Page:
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New York in New York County, New York — The American Northeast (Mid-Atlantic)
 

John Ambrose Statue

The Battery

 
 
John Ambrose Statue Marker image. Click for full size.
By Larry Gertner, May 9, 2019
1. John Ambrose Statue Marker
Inscription.  This monument honors engineer John Wolfe Ambrose (1838-1899), whose vision and persistence resulted in the deep sea channel to New York Harbor, which improved the visibility of the Port of New York, making New York City the heart of commerce in the United States. This channel is named in his honor.

Ambrose was born on January 10, 1838 in New Castle, Ireland, and as a child immigrated with his family to the United States. Though forced to work at an early age, he prepared for college, and later attended New York and Princeton universities. While he intended to join the ministry, in 1860 he joined the staff of the Citizens’ Association, one of the City’s earlier reform movements.

Later in his career, Ambrose was involved in several significant construction projects, including the building of the Second Avenue and Sixth Avenue elevated rails, the pneumatic tubes for the Western Union Telegraph Company, and the development of many northern Manhattan streets, particularly in Harlem.

In the 1880s, Ambrose organized and was president of the Brooklyn Wharf and Dry Dock Company, and the founder of the 39th Street South Brooklyn
John Ambrose Statue and Marker image. Click for full size.
By Larry Gertner, May 9, 2019
2. John Ambrose Statue and Marker
Ferry. Long interested in the development of the Brooklyn waterfront industry, Ambrose recognized the inadequacy of the swampy and shallow shoreline, lobbying congressional river and harbor committees to appropriate the necessary funds to create a channel which could accommodate large enough ships to sustain New York’s maritime economy. In the late 1890s, his appearance before the United States Senate Committee on Commerce helped secure funds to construct a suitably deep and wide harbor channel, and for his efforts the 1901-02 Congress named that channel for Ambrose.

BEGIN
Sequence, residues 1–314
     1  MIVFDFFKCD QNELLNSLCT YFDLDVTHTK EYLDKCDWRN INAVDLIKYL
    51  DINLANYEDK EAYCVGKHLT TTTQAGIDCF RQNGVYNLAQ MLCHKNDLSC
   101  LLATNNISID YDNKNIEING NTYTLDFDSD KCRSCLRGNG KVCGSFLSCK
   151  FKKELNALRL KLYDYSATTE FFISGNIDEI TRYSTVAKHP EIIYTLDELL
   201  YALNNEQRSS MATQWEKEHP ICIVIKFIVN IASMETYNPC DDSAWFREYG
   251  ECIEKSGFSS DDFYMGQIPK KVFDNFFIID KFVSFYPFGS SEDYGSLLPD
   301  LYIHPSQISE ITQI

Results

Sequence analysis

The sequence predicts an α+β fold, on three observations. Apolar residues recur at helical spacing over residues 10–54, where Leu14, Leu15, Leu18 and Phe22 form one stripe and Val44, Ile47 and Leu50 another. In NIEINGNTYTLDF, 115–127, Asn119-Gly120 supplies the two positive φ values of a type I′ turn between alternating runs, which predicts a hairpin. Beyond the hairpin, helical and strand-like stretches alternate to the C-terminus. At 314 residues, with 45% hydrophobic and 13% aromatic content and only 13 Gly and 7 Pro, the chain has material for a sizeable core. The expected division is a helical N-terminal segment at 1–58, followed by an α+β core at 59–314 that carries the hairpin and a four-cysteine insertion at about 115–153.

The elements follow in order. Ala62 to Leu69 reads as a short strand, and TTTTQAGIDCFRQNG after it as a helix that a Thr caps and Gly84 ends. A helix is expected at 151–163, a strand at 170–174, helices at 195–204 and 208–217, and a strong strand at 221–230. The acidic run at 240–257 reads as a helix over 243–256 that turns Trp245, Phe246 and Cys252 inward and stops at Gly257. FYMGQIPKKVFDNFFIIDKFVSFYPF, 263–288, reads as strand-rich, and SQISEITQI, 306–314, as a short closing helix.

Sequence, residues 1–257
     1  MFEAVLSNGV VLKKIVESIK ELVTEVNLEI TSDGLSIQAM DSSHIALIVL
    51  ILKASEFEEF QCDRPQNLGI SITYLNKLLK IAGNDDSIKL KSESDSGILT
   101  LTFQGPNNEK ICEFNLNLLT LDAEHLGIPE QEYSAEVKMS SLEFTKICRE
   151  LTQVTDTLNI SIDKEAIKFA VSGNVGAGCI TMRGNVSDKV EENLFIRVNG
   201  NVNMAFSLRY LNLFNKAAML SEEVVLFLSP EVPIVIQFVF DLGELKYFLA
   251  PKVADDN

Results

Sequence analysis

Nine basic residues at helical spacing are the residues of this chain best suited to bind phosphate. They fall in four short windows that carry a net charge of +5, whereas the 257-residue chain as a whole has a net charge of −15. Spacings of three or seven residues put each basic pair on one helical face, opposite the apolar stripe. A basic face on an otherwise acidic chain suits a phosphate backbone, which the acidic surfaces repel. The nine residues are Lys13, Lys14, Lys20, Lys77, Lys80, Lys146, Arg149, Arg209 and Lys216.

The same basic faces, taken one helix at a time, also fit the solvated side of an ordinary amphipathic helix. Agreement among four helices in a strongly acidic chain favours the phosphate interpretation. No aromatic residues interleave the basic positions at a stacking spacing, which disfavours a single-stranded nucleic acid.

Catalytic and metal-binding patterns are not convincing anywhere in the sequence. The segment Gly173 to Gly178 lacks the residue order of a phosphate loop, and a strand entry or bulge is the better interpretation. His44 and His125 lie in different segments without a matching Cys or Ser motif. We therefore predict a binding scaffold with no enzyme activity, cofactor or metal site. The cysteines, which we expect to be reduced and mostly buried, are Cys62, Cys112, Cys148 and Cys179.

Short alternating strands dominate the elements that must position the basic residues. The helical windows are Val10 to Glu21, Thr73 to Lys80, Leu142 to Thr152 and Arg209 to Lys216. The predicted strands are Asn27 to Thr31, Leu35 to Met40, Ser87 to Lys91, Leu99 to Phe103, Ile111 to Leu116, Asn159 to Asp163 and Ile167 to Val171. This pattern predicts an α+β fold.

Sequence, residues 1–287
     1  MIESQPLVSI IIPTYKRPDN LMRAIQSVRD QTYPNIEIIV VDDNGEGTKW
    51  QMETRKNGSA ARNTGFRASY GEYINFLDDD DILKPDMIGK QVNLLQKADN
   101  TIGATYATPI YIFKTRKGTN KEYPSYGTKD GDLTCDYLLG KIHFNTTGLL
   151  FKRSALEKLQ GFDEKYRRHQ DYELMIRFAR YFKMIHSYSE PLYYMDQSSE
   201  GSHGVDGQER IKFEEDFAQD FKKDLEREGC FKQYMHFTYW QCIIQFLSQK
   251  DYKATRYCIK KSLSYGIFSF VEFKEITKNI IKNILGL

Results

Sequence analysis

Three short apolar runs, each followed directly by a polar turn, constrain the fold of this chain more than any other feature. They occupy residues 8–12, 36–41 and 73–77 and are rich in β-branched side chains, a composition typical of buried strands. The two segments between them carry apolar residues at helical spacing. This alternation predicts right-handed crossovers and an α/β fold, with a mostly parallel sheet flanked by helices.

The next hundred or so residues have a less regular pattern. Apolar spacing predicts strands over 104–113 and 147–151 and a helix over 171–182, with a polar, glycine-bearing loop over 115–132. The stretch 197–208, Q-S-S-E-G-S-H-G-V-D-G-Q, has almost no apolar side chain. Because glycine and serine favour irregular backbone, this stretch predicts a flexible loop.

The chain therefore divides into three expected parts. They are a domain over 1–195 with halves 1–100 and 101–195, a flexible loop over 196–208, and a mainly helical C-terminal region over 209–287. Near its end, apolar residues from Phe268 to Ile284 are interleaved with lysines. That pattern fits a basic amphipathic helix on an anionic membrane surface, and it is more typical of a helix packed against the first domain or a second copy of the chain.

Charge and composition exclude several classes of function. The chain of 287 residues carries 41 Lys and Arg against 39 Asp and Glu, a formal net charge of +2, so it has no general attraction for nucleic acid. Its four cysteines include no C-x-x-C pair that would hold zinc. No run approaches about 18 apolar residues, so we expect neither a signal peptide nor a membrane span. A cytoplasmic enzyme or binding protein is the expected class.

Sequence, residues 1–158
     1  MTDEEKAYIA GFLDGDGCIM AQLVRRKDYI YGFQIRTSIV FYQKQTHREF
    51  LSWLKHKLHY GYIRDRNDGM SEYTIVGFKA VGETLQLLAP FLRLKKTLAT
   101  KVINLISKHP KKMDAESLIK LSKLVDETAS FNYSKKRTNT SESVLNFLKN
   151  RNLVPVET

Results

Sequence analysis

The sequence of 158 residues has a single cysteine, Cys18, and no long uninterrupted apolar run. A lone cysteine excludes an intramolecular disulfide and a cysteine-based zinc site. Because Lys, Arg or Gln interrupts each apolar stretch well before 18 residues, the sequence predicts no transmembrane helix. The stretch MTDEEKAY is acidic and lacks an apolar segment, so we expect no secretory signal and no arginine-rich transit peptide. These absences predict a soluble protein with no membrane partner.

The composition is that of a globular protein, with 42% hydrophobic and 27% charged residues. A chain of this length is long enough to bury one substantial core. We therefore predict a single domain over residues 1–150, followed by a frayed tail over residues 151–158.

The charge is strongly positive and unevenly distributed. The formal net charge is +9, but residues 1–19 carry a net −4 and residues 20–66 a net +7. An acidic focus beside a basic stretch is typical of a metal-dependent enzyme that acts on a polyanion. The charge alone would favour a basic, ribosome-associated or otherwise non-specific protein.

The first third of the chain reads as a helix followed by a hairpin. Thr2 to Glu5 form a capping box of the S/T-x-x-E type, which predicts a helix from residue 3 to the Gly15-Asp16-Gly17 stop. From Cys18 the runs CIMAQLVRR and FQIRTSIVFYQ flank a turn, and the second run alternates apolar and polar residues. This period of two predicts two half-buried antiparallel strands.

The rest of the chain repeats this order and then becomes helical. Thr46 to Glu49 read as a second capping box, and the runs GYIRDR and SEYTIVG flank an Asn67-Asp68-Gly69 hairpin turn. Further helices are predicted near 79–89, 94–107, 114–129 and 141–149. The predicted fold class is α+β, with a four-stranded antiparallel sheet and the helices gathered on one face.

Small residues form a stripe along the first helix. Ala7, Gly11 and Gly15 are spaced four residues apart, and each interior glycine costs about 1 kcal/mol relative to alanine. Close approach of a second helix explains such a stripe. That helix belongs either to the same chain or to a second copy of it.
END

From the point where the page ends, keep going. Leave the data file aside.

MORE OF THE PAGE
Soon after his death, friends of Ambrose gave his children a sculptural portrait bust by Andrew O’Connor Jr. (1874-1941), a well-respected sculptor of his day who received many private and public commissions. In the 1930s, Ambrose’s family in turn gave the sculpture to the city. NYC Parks’ chief consultant architect Aymer Embury II (1880-1966) designed an architectural setting and wall niche for the sculpture which was inserted into the New York Aquarium at Castle Garden, and decorated with a relief map of the harbor by Frederick G.R. Roth (1872-1944). The monument was dedicated by Mayor Fiorello La Guardia (1882-1947) on June 3, 1936.

In the 1950s, the monument was relocated to the south wall of the concession building in lower Battery Park, but in November 1990 the bronze bust was stolen from its niche. The monument was fully restored and relocated in 2017 to a more visible, newly landscaped park perimeter location at State and Pearl Streets, and its long-missing bust recreated by referencing historical photographs. On May, 2018 the monument was re-dedicated in a ceremony attended by numerous descendants of Ambrose.

NYC Parks
 
Erected by NYC Parks.
 
Location. 40° 42.146′ N, 74° 0.849′ W. Marker is in New York, New York, in New York County. Marker is on State Street, on the right when traveling south. Touch for map. Marker is at or near this postal address: Battery Park, New York NY 10004, United States of America. Touch for directions.
 
Other nearby markers. At least 8 other markers are within walking distance of this marker. John Wolfe Ambrose (a few steps from this marker); New York Unearthed / The Shrine of Elizabeth Ann Seton (within shouting distance of this marker); Watson House (within shouting distance of this marker); New Amsterdam Plein: One (within shouting distance of this marker); New Amsterdam Plein: Nine (within shouting distance of this marker); New Amsterdam Plein: Eight (within shouting distance of this marker); New Amsterdam Plein: Seven (within shouting distance of this marker); New Amsterdam Plein: Two (within shouting distance of this marker). Touch for a list and map of all markers in New York.
 
Also see . . .  The Battery: John Wolfe Ambrose. Official NYC Parks description of the monument. (Submitted on June 13, 2019, by Larry Gertner of New York, New York.) 
 
Categories. Industry & CommerceWaterways & Vessels
 
More. Search the internet for John Ambrose Statue.
 
Credits. This page was last revised on June 13, 2019. This page originally submitted on June 13, 2019, by Larry Gertner of New York, New York. This page has been viewed 84 times since then. Photos:   1, 2. submitted on June 13, 2019, by Larry Gertner of New York, New York. • Andrew Ruppenstein was the editor who published this page.
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